Wheelchairs, canes, sticks, headsets, adapted cars and, furthermore GPS navigators and specially designed PC units, allow a disabled person to live, work and move in his daily life or going from one place to another within the limits of his hometown and country but also from country to country. Assistive technology and technical aids are part of the answer to each one’s need.

There are products that cover various needs for a quite wide spectrum of disabilities, access to the sea in not an exception at all, wheelchairs that can enter the salty sea water without being corroded, wheelchairs that can easily be rolled on the sand can be provided to everyone that’s is going to use it, of course if the user can afford to buy it and if there are enough human resources to provide the proper administration of all those items. Anyhow the principle of equal opportunities and equality to all citizens clearly gives us the basis, to stand for a demand that at least a disabled swimmer has the right to use an infrastructure that gives him the opportunity to enter and get of the sea on his own, and I think that is the greatest demand of us all disabled swimmers and citizens, to be able to live independently.

Year by year there has been progressively a questioning on how to solve the problem and also a social demand was arising year by year.
People from Greek municipalities and organizations of disabled citizens had been asking about, how to guide architects and engineers when making a proper entrance for disabled swimmers to the sea.

First attempts to solve it.
Several attempts to propose a solution had been made at the past.
I have to mention and thank all those employees and staff of the Greek National Tourist Organization, who during late eighties tried their best to provide accessibility. On 1987 under the demand of a local disabled organization accessibility infrastructures were made at the Alimos beach in Attika. Accessible toilets and a ramp with handhold were made. When somebody needed assistance trained staff or the lifeguard that was on duty was helping. Similar infrastructure has been made at Varkiza and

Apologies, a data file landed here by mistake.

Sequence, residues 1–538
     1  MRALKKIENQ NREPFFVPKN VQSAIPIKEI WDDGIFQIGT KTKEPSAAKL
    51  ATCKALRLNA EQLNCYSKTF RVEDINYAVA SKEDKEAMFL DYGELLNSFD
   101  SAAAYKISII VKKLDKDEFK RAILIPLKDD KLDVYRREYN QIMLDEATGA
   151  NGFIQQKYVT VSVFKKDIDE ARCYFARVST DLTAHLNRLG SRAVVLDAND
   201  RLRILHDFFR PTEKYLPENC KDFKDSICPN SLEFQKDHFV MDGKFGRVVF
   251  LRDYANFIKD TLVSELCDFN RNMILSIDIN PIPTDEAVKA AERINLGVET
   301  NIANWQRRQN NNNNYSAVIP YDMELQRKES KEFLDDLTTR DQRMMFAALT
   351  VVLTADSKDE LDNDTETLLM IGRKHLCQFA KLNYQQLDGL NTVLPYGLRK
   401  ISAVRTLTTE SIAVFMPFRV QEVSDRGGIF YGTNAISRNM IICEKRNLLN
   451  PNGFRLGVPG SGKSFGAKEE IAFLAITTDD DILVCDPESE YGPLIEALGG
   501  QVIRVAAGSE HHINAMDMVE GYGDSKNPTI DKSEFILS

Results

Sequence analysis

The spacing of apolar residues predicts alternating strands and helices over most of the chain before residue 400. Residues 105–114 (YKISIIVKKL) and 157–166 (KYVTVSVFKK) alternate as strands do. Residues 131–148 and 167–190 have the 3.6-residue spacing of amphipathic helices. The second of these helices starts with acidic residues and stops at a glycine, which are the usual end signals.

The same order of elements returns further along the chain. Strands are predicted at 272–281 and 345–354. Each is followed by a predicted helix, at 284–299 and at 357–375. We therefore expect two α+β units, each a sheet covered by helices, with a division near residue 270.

A circular by the Greek National Tourist Organization was made so that accessibility should be obligatory at the use of any beach.
It should be very interesting to investigate what happened to this circular and why the whole thing has not been as priority. As an architect I have to say that special guidelines and technical information would allow things to have a better ending.

The guidelines - two pilot beaches.

In the summer of 2003 the Greek Ministry of Development (part of which later became the Ministry of Tourism Development) launched a programme to renovate the beaches all over Greece. This program was called “Jewelries on sand”. Under that programme another programme launched, focussing on accessibility to beaches for disabled and elderly people, this programme was called “Access for all to the sand”. Special guidelines were made with my participation at the supervision of the whole project.

· The lack of social cover.
Please allow me to make some remarks as to when a structure is needed to be done for the purpose of providing accessibility to disabled citizens or social groups. To my bitter experience this is exactly the case when society really finds out that here there is a case of waste of money, of doubtful decision, of environmental interference to the natural surrounding etc. Furthermore, when we refer to accessibility to the sea we have a lot of legal issues as well.